**Deep Learning in the Wavelet Domain**

This paper examines the possibility of, and the possible advantages to learning the filters of convolutional neural networks (CNNs) for image analysis in the wavelet domain. We are stimulated by both Mallat’s scattering transform and the idea of filtering in the Fourier domain. It is important to explore new spaces in which to learn, as these may provide inherent advantages that are not available in the pixel space. However, the scattering transform is limited by its inability to learn in between scattering orders, and any Fourier domain filtering is limited by the large number of filter parameters needed to get localized filters. Instead we consider filtering in the wavelet domain with learnable filters. The wavelet space allows us to have local, smooth filters with far fewer parameters, and learnability can give us flexibility. We present a novel layer which takes CNN activations into the wavelet space, learns parameters and returns to the pixel space. This allows it to be easily dropped in to any neural network without affecting the structure. As part of this work, we show how to pass gradients through a multirate system and give preliminary results.

**Concept Learning through Deep Reinforcement Learning with Memory-Augmented Neural Networks**

Deep neural networks have shown superior performance in many regimes to remember familiar patterns with large amounts of data. However, the standard supervised deep learning paradigm is still limited when facing the need to learn new concepts efficiently from scarce data. In this paper, we present a memory-augmented neural network which is motivated by the process of human concept learning. The training procedure, imitating the concept formation course of human, learns how to distinguish samples from different classes and aggregate samples of the same kind. In order to better utilize the advantages originated from the human behavior, we propose a sequential process, during which the network should decide how to remember each sample at every step. In this sequential process, a stable and interactive memory serves as an important module. We validate our model in some typical one-shot learning tasks and also an exploratory outlier detection problem. In all the experiments, our model gets highly competitive to reach or outperform those strong baselines.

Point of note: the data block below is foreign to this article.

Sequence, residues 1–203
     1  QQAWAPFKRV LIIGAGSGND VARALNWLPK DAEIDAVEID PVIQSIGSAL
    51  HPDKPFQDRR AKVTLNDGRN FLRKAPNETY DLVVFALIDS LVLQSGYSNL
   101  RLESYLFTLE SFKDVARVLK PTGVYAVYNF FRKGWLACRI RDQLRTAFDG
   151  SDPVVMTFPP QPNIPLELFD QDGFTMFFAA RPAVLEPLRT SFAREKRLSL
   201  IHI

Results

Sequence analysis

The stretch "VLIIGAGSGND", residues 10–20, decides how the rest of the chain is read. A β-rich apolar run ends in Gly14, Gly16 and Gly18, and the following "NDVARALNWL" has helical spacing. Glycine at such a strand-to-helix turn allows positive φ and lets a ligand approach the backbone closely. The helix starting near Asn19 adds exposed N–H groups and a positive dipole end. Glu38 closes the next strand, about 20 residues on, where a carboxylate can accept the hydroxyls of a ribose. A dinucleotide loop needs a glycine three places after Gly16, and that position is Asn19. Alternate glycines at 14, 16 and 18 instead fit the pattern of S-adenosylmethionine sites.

**Theoretical Perspective of Deep Domain Adaptation**

Deep domain adaptation has recently undergone a big success. Compared with shallow domain adaptation, deep domain adaptation has shown higher predictive performance and stronger capacity to tackle structural data (e.g., image and sequential data). The underlying idea of deep domain adaptation is to bridge the gap between source and target domains in a joint feature space so that a supervised classifier trained on labeled source data can be nicely transferred to the target domain. This idea is certainly appealing and motivating, but under the theoretical perspective, none of the theory has been developed to support this. In this paper, we have developed a rigorous theory to explain why we can bridge the relevant gap in an intermediate joint space. Under the light of our proposed theory, it turns out that there is a strong connection between deep domain adaptation and Wasserstein (WS) distance. More specifically, our theory revolves the following points: i) first, we propose a context wherein we can perfectly perform a transfer learning and ii) second, we further prove that by means of bridging the relevant gap and minimizing some reconstruction errors we are minimizing a WS distance between the push forward source distribution and the target distribution via a transport that maps from the source to target domains.